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Mike Grgich Honored at CIA in Napa
By now, nearly everyone familiar with wine knows about the 1976 Paris wine tasting, when noted French judges, befuddled as they realized they could not always distinguish between their beloved white Burgundies and the upstart Chardonnays of California, awarded first place to a younger country’s entry. Thirty years later, there is no dispute that this event, uncelebrated as it was before the results shocked the wine drinking world, elevated American wines to center stage, where they have not only remained, but arguably have become the leading player.
Last week I had the pleasure (Sara was not in town) of joining a number of luminaries at the Culinary Institute of America to honor the life and times of the very man who made the 1973 Chateau Montelena Chardonnay that copped that high honor in Paris – Miljenko “Mike” Grgich. And what an evening it was. Master sommelier and writer Andrea Immer Robinson served as mistress of ceremonies, while awards and recognition were showered on Mike from Governor Schwarzenegger, members of Congress, the California State Legislature, Margrit Mondavi, and the Croatian government. Reflecting how Mike himself describes his immigration to this country and his ascendancy to success, “The Impossible Dream” was crooned by Tony Butala of “The Letterman.”
Surrounded by long time friends and family, including daughter and director of operations Violet Grgich, Mike looked jaunty in his trademark beret, and was clearly humbled to be the center of attention at such an august gathering. I thought the best pictures found him posing with delighted guests next to a display of his 1973 Chardonnay and Warren Winiarski’s 1973 Stag’s Leap Wine Cellars Cabernet Sauvignon. Again, almost all wine lovers know that the red also won its category in Paris, setting the stage for the emergence of great California Cabs, just as the Montelena did for Chards.
Dinner, outstanding though it was, was enhanced by what was perhaps the best array of Grgich Hills wines I have sampled for some years. Sausages and lobster bisque at the reception were accompanied by the 2005 Napa Valley Estate Fume Blanc ($25), which was earmarked by classic (yet pleasingly light) grapefruit flavors, and a long finish following a rich mouth feel.
The wine of the evening, not only in my opinion but that of the prestigious Sunset Magazine, was the 2003 Carneros Estate Grown Paris Tasting Commemorative Chardonnay ($73). Sara Schneider, senior wine editor, presented a letter congratulating Mike Grgich for making the wine of the year, as chosen during a blind tasting by the magazine’s panel. And I have to say that the selection is well warranted. Rarely does one Chardonnay embody the best characteristics of Europe and America and combine them into a genre that truly needs a name. California Burgundy sounds too sixties. Burgundian Chardonnay is too banal. But we are working on it.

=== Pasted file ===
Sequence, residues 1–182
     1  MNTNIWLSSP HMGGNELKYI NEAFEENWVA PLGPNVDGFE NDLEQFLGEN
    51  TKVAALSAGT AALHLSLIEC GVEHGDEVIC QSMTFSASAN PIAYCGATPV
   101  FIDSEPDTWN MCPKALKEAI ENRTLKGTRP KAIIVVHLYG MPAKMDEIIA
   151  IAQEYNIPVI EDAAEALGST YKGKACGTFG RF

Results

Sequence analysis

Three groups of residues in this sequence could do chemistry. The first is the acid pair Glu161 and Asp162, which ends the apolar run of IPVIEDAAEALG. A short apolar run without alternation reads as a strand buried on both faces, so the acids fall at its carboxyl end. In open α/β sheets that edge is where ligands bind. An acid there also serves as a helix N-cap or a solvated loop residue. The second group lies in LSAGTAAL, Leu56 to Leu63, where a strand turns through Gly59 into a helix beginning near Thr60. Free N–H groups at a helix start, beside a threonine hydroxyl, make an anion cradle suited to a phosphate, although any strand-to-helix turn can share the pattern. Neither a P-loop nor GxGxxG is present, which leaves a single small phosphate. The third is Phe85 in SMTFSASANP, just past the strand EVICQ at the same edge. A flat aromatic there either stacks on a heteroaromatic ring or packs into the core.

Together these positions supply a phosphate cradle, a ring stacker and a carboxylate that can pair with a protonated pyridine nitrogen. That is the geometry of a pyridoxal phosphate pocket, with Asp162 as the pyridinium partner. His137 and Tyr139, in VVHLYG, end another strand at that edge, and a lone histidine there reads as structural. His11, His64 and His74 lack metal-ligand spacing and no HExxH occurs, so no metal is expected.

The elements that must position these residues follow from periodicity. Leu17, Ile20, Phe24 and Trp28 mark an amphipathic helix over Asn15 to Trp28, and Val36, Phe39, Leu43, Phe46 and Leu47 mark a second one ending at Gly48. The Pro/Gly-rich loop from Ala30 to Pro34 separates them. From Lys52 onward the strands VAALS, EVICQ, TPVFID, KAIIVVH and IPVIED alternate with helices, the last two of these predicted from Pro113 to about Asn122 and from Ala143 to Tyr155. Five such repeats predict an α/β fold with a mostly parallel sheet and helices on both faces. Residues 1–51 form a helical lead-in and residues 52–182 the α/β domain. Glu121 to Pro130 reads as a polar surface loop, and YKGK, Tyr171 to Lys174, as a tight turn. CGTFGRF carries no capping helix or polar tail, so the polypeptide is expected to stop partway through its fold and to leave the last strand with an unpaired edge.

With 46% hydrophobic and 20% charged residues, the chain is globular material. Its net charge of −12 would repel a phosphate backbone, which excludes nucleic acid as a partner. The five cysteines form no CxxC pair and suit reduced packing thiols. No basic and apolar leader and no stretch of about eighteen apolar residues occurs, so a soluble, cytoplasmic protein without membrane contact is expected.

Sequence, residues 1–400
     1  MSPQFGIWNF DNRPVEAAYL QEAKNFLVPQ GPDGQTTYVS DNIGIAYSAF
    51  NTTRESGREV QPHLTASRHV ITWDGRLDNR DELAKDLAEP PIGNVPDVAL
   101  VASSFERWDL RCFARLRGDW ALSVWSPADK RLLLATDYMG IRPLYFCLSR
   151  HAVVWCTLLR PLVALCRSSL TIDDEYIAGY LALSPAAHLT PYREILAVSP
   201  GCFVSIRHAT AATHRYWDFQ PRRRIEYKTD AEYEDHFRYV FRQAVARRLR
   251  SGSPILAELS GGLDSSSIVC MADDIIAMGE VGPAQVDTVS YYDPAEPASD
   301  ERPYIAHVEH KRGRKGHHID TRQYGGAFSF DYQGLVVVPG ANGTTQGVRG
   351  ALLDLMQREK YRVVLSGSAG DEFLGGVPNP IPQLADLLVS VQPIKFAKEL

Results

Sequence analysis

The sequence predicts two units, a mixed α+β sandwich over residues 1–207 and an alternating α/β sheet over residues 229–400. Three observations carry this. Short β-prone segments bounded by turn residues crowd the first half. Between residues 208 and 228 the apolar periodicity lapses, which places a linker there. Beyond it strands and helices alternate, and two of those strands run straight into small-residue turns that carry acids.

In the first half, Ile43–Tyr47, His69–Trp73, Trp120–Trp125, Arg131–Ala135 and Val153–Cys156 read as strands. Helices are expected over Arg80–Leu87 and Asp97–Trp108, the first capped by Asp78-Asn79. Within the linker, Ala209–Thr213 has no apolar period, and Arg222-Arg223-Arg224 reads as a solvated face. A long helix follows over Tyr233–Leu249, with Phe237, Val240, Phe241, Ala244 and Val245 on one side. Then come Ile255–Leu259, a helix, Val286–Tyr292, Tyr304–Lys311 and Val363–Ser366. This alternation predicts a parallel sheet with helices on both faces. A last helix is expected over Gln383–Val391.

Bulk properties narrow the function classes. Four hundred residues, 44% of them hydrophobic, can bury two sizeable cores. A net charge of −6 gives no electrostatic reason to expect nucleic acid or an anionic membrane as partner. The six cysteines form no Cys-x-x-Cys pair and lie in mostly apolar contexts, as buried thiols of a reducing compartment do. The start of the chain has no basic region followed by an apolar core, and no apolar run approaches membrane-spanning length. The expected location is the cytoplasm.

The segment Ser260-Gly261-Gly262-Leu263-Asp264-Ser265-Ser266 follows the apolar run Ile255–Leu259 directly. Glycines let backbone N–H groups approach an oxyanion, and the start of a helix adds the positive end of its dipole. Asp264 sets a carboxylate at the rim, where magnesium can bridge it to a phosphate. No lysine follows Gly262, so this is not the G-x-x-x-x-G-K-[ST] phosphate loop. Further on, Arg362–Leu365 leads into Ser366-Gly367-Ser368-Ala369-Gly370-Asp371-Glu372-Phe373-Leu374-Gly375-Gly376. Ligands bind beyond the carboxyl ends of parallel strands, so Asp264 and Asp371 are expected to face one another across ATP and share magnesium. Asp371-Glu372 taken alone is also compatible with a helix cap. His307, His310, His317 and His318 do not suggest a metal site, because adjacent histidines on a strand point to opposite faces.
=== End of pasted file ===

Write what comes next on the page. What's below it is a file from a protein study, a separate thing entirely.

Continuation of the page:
Our loin of lamb entrée was accompanied by two reds, the 2002 Napa Valley Estate Grown Merlot ($38), and a 2000 Cabernet Sauvignon ($65). There was a general consensus as to the beauty of the cherry and plum flavors complexly followed by wood and chocolate in the Merlot, but a split of opinion on the Cabernet Sauvignon. I found the latter to be too light for the lamb, and generally too short on the finish, while some of my table partners thought it was well paired.
Not usually a dessert eater, I couldn’t resist the honey ice cream and pistachio tuile, especially in conjunction with the newly released 2003 Grgich Hills Violetta ($75 for 350 ml.), a rich combination of botrytis-affected Chardonnay (60%) and Riesling (40%). This wonderful wine exhibited apples and pears, and was kissed by some clove, which lasted far into the next bite of pastry.
As do many of these affairs in wine country, the evening ended with a live auction. Here, however, something was on the block that you just don’t see very often – a case of the 1973 Chardonnay that was honored in Paris, with each bottle having been individually signed by Mike Grgich himself. In an effort, I suppose, to allow as many people as possible to own a bit of history, the bottles were auctioned off individually. Folks, you are reading the column of a proud owner of one of those bottles.
Legend is an overused word, as is, come to think of it, that overworked phrase. Yet what better describes one of the men who was unquestionably in the forefront of an American industry that is just now climbing the crest of popularity to become the world’s leader in consumption? As Mike says, “It is a miracle. We did in 30 years what it took the French 300 years to accomplish.” Well, Mr. Grgich, you helped that miracle come to pass.
Wine writers and educators Monty and Sara Preiser divide their time between Palm Beach County, Florida and the Napa Valley in California. They publish the world's most comprehensive guide to Napa Valley wineries and restaurants titled, appropriately, The Preiser Key to Napa Valley.